Creating gender equality in the workplace is not just a goal within the United Kingdom, it is a worldwide goal and one that is a centre of focus in organisations such as the United Nations.
While this is obviously a very lofty and noble goal, it is often more challenging to translate global goals by unconnected organisations to what is going on in your company. To make it more challenging, much of the gender inequality seen today is institutionalised as part of the workplace culture.
1. Make Equality a Priority
There are ways to work towards gender equality from inside any company. Each employee, both female and male, can set goals to contribute to changing the workplace and developing a true culture that respects all employees equally for their contributions.
However, it will also take an effort by management to accomplish these goals. Companies need to create a workplace that is user-friendly for both male and female employees, and there are companies that have been extremely successful in developing these practices. Diversity, equality and recognition of the individual’s strengths and talents are the hallmarks of a successful business.
2. Having Conversations
Having respectful and meaningful conversations that define gender equality as well as identify areas of deficit in a department, division or throughout a company is a very important first step. After all, it is impossible to make changes and to see results if the goals are not articulated and clear.
Leaders in the workplace speaking out and asking to have policy discussions can be helpful. Often managers, particularly in predominantly male workplaces, may not realise there is a lack of equality. Engaging in these conversations in staff meetings and professional development events will build a culture that eliminates institutional bias.
Managers and those in leadership positions need to support and facilitate these discussions. This may mean bringing in consultants and trainers to help develop an understanding of gender discrimination and what needs to change. Career-Mums can help employers in training, consultation and in developing workplace gender equality goals and plans.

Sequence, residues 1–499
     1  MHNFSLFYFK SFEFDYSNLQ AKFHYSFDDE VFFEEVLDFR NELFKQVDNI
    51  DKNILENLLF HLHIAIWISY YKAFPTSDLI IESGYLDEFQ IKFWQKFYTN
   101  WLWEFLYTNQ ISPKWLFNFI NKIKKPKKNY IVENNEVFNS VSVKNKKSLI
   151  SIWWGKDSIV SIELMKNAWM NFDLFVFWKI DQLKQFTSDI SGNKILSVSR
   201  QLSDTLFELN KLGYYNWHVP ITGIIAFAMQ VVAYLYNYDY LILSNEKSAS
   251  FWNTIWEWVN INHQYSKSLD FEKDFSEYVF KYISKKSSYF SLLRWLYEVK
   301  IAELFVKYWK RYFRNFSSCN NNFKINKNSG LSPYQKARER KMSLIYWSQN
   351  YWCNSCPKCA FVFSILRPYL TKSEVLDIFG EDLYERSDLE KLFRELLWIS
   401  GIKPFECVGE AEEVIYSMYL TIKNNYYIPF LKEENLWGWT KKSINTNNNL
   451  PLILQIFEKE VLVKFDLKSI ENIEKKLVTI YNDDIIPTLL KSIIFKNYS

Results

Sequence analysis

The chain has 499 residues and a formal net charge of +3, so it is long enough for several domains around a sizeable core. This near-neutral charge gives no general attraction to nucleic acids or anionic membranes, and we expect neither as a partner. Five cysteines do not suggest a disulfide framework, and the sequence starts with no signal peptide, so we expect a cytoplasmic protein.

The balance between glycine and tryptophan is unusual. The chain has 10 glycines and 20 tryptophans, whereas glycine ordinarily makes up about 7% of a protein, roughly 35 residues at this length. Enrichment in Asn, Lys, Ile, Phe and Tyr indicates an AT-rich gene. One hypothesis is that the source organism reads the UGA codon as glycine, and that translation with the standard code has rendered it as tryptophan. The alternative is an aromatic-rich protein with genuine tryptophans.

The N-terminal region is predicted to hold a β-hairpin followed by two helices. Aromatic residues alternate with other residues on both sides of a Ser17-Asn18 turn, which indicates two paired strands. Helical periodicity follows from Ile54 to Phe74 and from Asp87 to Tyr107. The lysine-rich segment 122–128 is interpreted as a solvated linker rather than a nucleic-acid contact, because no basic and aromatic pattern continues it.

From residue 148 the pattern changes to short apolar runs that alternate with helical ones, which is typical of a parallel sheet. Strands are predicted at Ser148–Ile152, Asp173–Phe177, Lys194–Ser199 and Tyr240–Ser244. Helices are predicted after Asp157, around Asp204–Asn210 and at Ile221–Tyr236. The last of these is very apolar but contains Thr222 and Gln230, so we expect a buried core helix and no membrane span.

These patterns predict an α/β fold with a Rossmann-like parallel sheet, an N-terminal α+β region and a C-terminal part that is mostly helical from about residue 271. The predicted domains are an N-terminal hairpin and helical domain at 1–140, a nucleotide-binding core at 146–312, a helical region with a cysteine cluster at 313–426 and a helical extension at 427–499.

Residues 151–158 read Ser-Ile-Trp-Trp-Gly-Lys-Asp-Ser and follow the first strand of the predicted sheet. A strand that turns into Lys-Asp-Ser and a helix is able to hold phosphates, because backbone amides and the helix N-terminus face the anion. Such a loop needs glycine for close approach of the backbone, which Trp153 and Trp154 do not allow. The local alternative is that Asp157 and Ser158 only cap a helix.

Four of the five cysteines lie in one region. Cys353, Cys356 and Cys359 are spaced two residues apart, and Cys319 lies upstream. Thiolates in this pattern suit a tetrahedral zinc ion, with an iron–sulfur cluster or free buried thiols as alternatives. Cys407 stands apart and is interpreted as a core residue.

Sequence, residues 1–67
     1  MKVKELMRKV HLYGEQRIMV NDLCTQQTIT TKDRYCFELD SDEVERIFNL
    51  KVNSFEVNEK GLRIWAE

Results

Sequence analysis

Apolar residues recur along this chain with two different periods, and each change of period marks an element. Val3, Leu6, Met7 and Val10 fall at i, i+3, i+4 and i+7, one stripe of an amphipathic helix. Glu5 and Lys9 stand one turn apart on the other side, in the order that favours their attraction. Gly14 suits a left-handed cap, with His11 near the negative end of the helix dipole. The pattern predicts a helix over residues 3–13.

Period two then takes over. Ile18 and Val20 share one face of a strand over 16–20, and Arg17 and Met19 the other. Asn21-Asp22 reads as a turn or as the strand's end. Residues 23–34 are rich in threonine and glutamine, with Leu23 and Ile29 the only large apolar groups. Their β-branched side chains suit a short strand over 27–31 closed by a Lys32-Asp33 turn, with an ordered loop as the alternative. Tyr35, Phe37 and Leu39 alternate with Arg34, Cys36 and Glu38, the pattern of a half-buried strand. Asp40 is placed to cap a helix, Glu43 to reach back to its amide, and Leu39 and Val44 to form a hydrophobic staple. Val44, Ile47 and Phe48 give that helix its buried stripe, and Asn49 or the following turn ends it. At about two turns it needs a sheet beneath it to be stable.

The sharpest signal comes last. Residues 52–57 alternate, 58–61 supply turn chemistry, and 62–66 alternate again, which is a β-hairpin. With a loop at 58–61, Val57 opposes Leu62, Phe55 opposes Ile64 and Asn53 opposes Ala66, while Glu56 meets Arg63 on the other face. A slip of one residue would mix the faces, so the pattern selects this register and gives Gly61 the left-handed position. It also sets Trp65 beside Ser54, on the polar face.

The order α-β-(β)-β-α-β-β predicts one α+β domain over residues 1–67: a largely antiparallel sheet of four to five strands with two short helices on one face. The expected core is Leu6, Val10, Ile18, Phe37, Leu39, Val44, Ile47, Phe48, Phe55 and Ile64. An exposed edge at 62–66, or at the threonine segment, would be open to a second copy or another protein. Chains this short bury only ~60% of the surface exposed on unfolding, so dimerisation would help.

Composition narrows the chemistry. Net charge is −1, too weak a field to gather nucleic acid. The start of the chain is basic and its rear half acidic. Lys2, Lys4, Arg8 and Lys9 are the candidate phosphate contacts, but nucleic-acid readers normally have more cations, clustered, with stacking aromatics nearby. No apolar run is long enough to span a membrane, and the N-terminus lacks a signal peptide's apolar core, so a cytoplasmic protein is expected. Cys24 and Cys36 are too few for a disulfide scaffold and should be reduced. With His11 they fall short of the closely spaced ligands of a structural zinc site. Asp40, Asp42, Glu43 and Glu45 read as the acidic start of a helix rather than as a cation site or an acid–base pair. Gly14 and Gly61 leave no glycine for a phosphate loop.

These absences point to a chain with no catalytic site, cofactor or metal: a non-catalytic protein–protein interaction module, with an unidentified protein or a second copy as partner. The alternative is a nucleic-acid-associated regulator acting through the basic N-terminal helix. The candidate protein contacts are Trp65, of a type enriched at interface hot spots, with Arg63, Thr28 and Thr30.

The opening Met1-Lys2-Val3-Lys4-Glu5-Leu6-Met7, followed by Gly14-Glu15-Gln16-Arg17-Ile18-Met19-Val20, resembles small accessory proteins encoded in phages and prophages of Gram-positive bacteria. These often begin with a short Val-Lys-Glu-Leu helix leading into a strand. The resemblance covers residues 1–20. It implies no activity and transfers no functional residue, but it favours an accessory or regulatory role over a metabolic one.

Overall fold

3. Identify Strengths
Women often have difficulty in speaking up about their strengths and abilities in the workplace. Knowing where you can offer leadership, skills and knowledge that is empowering for you which will also clearly demonstrate your capabilities and professionalism.
Employers and managers should make a point of ensuring that workplaces, teams and groups are comprised of both males and females. Using skill based team development will ensure that employees are assigned to groups in ways that add to the performance of the group as a whole as well as the individual rather than based on gender.
4. Hiring Practices
Often the hiring practices of a company create an imbalance in the pool of employees. Specific types of language used in advertisements and job posting may be biased towards men, which is limiting the response from qualified female applicants.
Overall, highly detailed job listings tend to favour male applicants while general information on the job responsibilities is more likely to result in both male and female applicants.
Reviewing the language and style of job postings and where the jobs are listed will provide a better response from all qualified applicants for most businesses. Job listing sites online tend to have a more male or female based reader demographic. For qualified female applicants, select websites that are viewed by women or work with our team at Career-Mums to help in bringing in the female applicants you are missing.
5. Eliminate the Wage Gap
Finally, and this is always a critical consideration, review your equality of pay, whether you are affected by the gender pay gap legislation or not. Employers with more that 250 employees, from the 6th April will be required to report the gap between male and female staff including any bonuses received. In many businesses and companies, women are paid significantly lower for the same work, discouraging applicants. This gap, as reported by the Equal Pay Portal, can be as much as 20 percent within top earners and just over 18 percent when full and part-time employment is considered.
By bringing wages into line between the genders, highly qualified women are incentivised to return work. Encouraging shared parental leave and childcare support will also enable women and men the same chance to balance a career and home life. This is a benefit to companies and overall business, creating a more dynamic and effective workplace with a highly-qualified workforce. Career-mums can help you devise your organisational goals and translate this into practical action planning to save you both time and money and improve your overall gender diversity www.career-mums.co.uk/employers.